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Mental Health in the Workplace

What is mental health and how can it affect me?

Everyone has mental health, whether it is good or poor. Mental health encompasses our emotional, psychological and social well-being. It affects how we think, feel and act. Many people don’t realise though that having good mental health is more than just the absence of mental disorders or disabilities.

Why does mental health need to be a workplace focus?

Stress, and in particular, routine stress is an important factor which contributes to our overall well-being. It can be very difficult to notice at first but over time, however, continued strain on the body may lead to further concerns. Mental health helps determine how we handle stress, relate to others and make choices. Our work environments play an important role in this.

You might wonder why your workplace is an important factor in your mental health. But just consider that people spend an average 33% of their time at their place of work. It is a continuous factor in day-to-day living, and that means having a work environment that contributes to good mental health is important for everyone.

The main factors known to cause work-related stress, depression or anxiety are workload pressures, including tight deadlines and too much responsibility, as well as a lack of managerial support.

Did you know?

In the UK, only 13% of employees would be comfortable discussing a mental health issue in the workplace.

The HSE estimates that in 2019-2020, stress, depression or anxiety accounted for 51% of all work-related ill health cases and 55% of all working days lost due to work-related ill health.

What are the signs of poor mental health?

Common signs that someone in your workplace is suffering from poor mental health include:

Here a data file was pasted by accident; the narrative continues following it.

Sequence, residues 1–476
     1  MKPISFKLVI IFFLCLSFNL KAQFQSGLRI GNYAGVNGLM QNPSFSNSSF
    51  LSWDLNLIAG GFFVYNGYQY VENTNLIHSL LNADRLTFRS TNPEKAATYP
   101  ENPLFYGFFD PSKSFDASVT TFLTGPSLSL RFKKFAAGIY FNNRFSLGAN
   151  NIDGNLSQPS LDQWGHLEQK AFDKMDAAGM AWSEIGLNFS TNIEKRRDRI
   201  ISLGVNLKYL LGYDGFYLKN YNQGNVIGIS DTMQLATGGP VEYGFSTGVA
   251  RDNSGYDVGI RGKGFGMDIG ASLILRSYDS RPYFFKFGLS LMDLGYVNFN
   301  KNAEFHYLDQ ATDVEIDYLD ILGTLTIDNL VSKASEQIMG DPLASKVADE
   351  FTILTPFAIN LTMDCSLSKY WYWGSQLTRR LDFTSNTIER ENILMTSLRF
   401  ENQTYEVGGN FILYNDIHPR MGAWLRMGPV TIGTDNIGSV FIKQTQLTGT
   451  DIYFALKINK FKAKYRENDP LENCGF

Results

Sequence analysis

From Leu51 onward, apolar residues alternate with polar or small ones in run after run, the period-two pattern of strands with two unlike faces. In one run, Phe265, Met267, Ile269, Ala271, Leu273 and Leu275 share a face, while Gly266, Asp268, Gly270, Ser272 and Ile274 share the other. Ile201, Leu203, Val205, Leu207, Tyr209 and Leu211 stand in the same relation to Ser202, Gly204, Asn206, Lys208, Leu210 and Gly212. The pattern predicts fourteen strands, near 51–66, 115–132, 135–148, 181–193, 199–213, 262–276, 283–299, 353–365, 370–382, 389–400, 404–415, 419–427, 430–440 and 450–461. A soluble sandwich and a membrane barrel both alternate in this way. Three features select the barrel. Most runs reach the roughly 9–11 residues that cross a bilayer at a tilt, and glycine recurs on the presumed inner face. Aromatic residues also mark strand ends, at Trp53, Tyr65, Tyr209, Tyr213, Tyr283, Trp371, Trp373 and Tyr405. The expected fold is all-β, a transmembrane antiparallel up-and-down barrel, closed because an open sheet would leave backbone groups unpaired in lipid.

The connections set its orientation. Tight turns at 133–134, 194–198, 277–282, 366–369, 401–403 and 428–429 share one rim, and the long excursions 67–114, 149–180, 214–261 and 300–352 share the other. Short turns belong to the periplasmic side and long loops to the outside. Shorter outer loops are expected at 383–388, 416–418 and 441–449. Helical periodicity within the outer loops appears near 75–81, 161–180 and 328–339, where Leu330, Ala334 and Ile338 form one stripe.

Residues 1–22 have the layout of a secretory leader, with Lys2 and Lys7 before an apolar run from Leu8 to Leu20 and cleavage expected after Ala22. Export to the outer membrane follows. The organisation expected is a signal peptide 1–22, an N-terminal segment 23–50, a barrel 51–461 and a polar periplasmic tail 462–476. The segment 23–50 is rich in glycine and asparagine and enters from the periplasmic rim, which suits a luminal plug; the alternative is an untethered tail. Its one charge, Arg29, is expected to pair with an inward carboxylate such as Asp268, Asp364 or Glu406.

• Lateness and absenteeism
  • Decreased productivity
  • Lack of self-confidence or enjoyment
  • Isolation or withdrawal
  • Agitation and volatility
  • Being overwhelmed
  • A lack of enthusiasm to start or complete tasks

These signs could indicate someone is suffering from a mental health illness.

What are common mental health issues?

The three main mental health issues that affect the UK workforce are:

Depression: persistent sadness, a depressed mood, diminished interest in previously enjoyable activities and other symptoms that interfere with the ability to function in daily life.

Stress: any type of change that causes physical, emotional or psychological strain. Stress can be short term or long term. Chronic stress can take a serious toll on the body over time and have long-lasting health effects.

Anxiety: significant worry or fear that doesn’t go away and may even get worse over time. This worry tends to be constant and has a very negative and intrusive impact on a person’s quality of life.

What can you do to help yourself and others?

If you are struggling, there are many ways to look after your mental health. Talking about your feelings is a major first step. Keeping active, eating well, taking regular breaks and limiting alcohol intake can all help. Make sure you keep in touch with people and if things are getting too much for you, and you feel you can’t cope, make sure you ask for help.

If you suspect a colleague, friend or family member is struggling, there are some things you can do. Set time aside with no distractions and let them share as little or as much as they want to. Don’t try to diagnose or second guess what’s wrong. Keep your questions open ended, listen carefully, offer to help them in seeking professional support and know your limits. Ask for help if the problem is serious and you believe they are in immediate danger.

If we know the signs and how to help, why is mental health in the workplace still an issue?

Although things are improving, there’s still stigma and misunderstanding about mental health in the workplace. Increasing awareness of mental health can help people break their silence and start to build a more open and inclusive culture.

In a survey conducted by mental health charity Mind, 30% of staff disagreed with the statement ‘I would feel able to talk openly with my line manager if I was feeling stressed’. In addition, 56% of employers said they would like to do more to improve staff wellbeing but don’t feel they have the right training or guidance. Both of these figures need to change.

We need to create workplace cultures where people can be open about what they are experiencing, with managers confident and competent to discuss such matters. This will make it easier for people to talk about mental health concerns without fear, and also to reach out for help when they need it.

It is vital workplaces become environments where people feel safe to just be themselves.

The best thing we can all do to improve mental health in the workplace is TALK.

 

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